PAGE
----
I don't know much about him, other than his playing guitar in the E Street Band, but I was interested to read this review of his album "Nils" at allmusic.com. It's long, but worth a read:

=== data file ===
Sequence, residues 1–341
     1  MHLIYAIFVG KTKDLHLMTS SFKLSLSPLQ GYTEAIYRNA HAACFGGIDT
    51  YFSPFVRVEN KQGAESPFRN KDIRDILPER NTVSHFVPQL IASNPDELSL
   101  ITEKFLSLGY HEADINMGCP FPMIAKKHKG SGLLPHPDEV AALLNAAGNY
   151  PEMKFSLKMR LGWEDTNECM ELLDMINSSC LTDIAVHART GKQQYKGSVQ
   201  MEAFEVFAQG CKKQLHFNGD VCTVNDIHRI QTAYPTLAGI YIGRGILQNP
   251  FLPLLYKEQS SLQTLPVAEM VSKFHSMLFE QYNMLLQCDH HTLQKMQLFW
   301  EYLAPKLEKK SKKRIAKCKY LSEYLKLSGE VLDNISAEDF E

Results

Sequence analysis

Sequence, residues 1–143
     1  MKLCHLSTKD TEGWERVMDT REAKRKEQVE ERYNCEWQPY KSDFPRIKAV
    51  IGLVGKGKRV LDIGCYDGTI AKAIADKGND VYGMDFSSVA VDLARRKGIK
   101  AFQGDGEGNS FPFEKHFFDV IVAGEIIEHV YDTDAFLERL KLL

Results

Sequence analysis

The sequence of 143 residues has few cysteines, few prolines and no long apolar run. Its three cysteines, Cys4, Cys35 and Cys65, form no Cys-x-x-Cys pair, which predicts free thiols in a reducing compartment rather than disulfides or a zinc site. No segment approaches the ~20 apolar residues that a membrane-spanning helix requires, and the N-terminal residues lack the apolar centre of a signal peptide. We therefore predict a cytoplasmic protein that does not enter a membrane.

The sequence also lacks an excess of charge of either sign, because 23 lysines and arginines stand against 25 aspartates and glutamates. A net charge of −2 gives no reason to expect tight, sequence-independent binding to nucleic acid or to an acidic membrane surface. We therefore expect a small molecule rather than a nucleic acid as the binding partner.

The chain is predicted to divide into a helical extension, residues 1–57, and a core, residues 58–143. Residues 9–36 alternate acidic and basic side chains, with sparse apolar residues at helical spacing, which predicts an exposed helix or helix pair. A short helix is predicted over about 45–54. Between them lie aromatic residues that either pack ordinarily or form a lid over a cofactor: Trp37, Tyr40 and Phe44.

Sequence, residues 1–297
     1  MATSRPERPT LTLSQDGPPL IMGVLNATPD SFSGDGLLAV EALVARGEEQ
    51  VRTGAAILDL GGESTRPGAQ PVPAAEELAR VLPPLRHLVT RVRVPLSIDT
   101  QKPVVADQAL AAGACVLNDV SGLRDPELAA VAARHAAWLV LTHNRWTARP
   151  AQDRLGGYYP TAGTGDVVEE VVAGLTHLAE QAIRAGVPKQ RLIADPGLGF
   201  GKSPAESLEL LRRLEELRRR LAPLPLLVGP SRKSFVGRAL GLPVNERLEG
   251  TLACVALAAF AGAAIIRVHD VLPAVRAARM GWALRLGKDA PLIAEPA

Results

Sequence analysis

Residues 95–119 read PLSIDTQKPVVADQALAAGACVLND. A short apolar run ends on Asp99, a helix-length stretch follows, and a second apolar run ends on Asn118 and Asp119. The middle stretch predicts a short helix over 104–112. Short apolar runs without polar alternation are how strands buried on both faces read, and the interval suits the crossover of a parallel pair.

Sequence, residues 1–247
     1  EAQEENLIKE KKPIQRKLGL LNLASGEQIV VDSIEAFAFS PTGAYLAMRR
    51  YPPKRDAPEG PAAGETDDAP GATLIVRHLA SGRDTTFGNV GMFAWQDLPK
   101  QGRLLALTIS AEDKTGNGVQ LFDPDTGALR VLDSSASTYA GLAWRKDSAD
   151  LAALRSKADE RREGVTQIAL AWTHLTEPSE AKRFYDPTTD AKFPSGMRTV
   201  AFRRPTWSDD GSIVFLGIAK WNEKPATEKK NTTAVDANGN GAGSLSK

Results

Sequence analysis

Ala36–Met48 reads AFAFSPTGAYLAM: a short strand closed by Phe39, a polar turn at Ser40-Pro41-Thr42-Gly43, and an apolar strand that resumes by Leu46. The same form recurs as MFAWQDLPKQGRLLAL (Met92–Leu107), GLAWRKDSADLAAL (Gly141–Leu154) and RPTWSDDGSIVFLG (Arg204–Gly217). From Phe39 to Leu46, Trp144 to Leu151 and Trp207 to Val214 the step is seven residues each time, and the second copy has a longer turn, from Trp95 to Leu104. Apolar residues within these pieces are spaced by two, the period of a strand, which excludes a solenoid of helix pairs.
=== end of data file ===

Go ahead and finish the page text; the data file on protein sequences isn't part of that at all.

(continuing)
"No Mercy," with special effects recorded at Madison Square Garden, has the sentiment of Simon & Garfunkel's "The Boxer." The double entendre being the rock musician oftentimes works on the same stage as the fighter, of course, punching away in the ring of life. Nils Lofgren is a veteran who has performed with Bruce Springsteen, Neil Young, and so many others, working here with producer Bob Ezrin who helped create Pink Floyd's The Wall. As with any great artist, Ezrin brings in his various contacts which color the recordings he makes, insuring a product that is as much the producer's as it is Nils Lofgren's. Dick Wagner co-wrote the hits "Only Women Bleed" and "You And Me" with Alice Cooper. Their "I Never Cry" gets a sequel of sorts as Wagner rejoins his former singer Lou Reed to compose "I'll Cry Tomorrow" -- Ezrin also brought Reed in to co-write some of the Kiss album The Elder, and all these recordings share a thread which is worth noting. With backing vocals and a big sound, "I'll Cry Tomorrow" is smooth and blends in nicely with this collection. Randy Newman's "Baltimore," with solid drumming by Alan Schwartzberg and a great hook, gets six minutes plus to play out. It's is fun to hear Newman's work put in this setting. Wagner and Lofgren write the semi-acoustic pop "Shine Silently," with a charming vocals by Nils. It, and the Lou Reed/Nils Lofgren song "I Found Her," are the two best tracks on the album. "I Found Her" sounds like '60s pop that neither Lou or Nils have been affiliated with, truly unique for both artists. It is more sugary than "Sunday Morning" by the Velvet Underground, bringing that side of Reed out when he was a staff songwriter for Pickwick. "A Fool Like Me," also written by the duo, has more pop sensibilities than Reed's work on some of his own recordings during this period -- his three titles with Nils Lofgren here are a good addition to his songbook. "You're So Easy" is a Wagner/Ezrin/Lofgren composition. The dancey beat, elegant guitars, and clearcut chorus make it a fun track. With a different feel from the Ezrin produced disc by guitar hero Steve Hunter who performed with Dick Wagner in both Lou Reed and Alice Cooper's bands -- Hunter and Wagner having reunited in 2000 for about six dates, and continuing to work together -- Lofgren seems to bring out something different in Ezrin's approach to working with another guitar master.